rsync -H option yields corrupt replicas (due to non-unique inode ids)
ms at citd.de
Fri Sep 6 01:43:26 CEST 2013
On 05.09.2013 16:08, Andrew J. Romero wrote:
> Our organization hosts a specialized Linux distribution.
> As is typical with Linux distributions,
> the set of files that make up our Linux distro
> contains a very complex web of self-referential hard links.
> Several other sites use our Linux distro
> and maintain either partial or full
> internal mirror copies of it.
> The standard method used by Linux mirror sites to
> pull/replicate a subset of a Linux distribution
> (or a complete Linux distribution) from a master
> repository is to use rsync with options that
> produce the following behavior:
> the first time a unique file is encountered,
> it's content is replicated; however, when subsequent hard links
> to the file are detected, only the hardlinks are replicated.
> The primary copy of our Linux distro
> is stored on our BlueArc Titan NAS
> (NFS server). Relative to the mirror-sites,
> our rsync server "sits in front of" the NAS.
> Internally the BlueArc Titan has a unique object id
> for files; however, the inode ID presented to clients
> by the BlueArc Titan is not unique,
> rsync (with -H option) is erroneously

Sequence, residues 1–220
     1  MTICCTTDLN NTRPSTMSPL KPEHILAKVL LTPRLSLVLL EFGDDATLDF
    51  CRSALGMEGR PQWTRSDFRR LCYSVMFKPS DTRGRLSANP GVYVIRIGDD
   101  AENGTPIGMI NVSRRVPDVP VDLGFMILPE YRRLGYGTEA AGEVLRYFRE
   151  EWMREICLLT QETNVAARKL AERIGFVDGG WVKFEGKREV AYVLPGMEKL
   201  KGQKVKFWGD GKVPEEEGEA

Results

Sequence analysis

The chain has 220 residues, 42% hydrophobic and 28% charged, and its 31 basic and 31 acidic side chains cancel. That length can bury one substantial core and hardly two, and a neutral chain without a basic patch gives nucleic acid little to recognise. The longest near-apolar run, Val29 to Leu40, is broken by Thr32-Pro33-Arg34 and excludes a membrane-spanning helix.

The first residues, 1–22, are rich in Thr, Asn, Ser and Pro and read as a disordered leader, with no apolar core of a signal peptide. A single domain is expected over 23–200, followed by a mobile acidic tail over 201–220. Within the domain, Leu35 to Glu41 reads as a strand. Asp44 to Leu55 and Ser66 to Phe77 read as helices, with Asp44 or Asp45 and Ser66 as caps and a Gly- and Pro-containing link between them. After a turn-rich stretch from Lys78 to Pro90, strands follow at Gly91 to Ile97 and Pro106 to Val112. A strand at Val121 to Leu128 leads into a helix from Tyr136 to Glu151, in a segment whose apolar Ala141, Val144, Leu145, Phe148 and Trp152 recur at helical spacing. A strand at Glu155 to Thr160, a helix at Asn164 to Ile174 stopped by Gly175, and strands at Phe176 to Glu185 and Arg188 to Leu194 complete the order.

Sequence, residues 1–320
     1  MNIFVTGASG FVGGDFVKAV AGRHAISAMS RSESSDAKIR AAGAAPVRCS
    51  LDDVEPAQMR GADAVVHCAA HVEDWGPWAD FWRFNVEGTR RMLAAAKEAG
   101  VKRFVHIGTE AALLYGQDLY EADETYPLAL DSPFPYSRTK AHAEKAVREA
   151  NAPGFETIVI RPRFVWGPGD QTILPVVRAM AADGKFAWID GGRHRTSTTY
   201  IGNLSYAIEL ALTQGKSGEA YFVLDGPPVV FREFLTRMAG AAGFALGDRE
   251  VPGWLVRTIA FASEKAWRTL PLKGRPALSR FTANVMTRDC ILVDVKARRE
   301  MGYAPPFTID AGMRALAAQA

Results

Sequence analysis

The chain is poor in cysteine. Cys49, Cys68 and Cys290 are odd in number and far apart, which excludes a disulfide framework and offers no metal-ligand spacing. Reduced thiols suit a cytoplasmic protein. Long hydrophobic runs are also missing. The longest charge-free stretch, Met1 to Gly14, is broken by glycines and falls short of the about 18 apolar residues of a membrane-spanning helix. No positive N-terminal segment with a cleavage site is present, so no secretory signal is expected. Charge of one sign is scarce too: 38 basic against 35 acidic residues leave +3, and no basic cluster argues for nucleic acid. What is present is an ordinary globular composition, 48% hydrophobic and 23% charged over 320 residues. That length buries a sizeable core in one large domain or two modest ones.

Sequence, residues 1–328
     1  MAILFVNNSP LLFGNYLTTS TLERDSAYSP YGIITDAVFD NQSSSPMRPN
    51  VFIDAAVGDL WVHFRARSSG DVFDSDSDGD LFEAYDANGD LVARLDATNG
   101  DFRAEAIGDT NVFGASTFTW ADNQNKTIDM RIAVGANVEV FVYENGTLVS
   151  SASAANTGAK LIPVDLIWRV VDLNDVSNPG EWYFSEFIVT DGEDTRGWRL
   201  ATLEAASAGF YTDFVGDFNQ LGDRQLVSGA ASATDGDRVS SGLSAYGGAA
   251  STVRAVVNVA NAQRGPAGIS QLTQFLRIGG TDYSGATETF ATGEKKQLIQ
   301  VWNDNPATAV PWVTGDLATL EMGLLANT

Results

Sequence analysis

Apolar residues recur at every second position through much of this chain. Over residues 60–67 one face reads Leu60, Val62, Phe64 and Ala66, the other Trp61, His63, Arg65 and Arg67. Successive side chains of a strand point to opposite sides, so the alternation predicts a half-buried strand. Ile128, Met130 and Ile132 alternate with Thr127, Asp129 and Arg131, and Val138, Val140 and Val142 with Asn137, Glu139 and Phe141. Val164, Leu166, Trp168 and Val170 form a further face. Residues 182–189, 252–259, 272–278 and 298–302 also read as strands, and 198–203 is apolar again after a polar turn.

> identifying unique files
> as a hard-links to different files.
> Causing mirror repositories to be essentially corrupt
> and not usable.
> It is my understanding that the NFS v3 spec.
> does not require NFS servers to present unique inode
> ids to clients. I believe that the reasoning is that:
> large scale NAS appliances internally need to
> use very wide object ids; but, externally need to
> present (when asked) inode ids that any client
> an deal with.
> Are there options to rsync that will
> allow me to reliably replicate my
> hard-link rich Linux distro from my NAS.
I could be a plain 32bit/64bit problem.
In this case 64bit inodes and i'm not sure NFS v3 supports 64bit inodes.
I'm pretty sure that NFS v4 supports 64bit inodes and NFS v2 doesn't.
Google didn't give me a straight answer and the Wikipedia-Page only
says that NFS v3 got support for 64bit file-size/offsets, but inodes
So assuming NFS v3 either doesn't support 64bit inodes or somehow isn't
Just as Kevin said rsync determines "is the same file" by inode, so if
the filesystem has 64bit inodes and NFS truncates them to 32bit totally
unreleated files APPEAR to have the same inode. So if rsync doesn't
check size/mtime/owner(...) it can crosslink totally unrelated files.
As you should have examples of "crosslinked" files just "stat" them on
the commandline and see what same inode-numbers are shown. And on the
NAS itself, assuming you can get a command prompt, also stat the file
and check if the inode-numbers are below or above 2^32. And assuming you
get different numbers below or above 2^32 check if the lower 32bits
And if you ask yourself "hey 32bit is a large number space, how can i
get collisions". That's called the birthday paradox:
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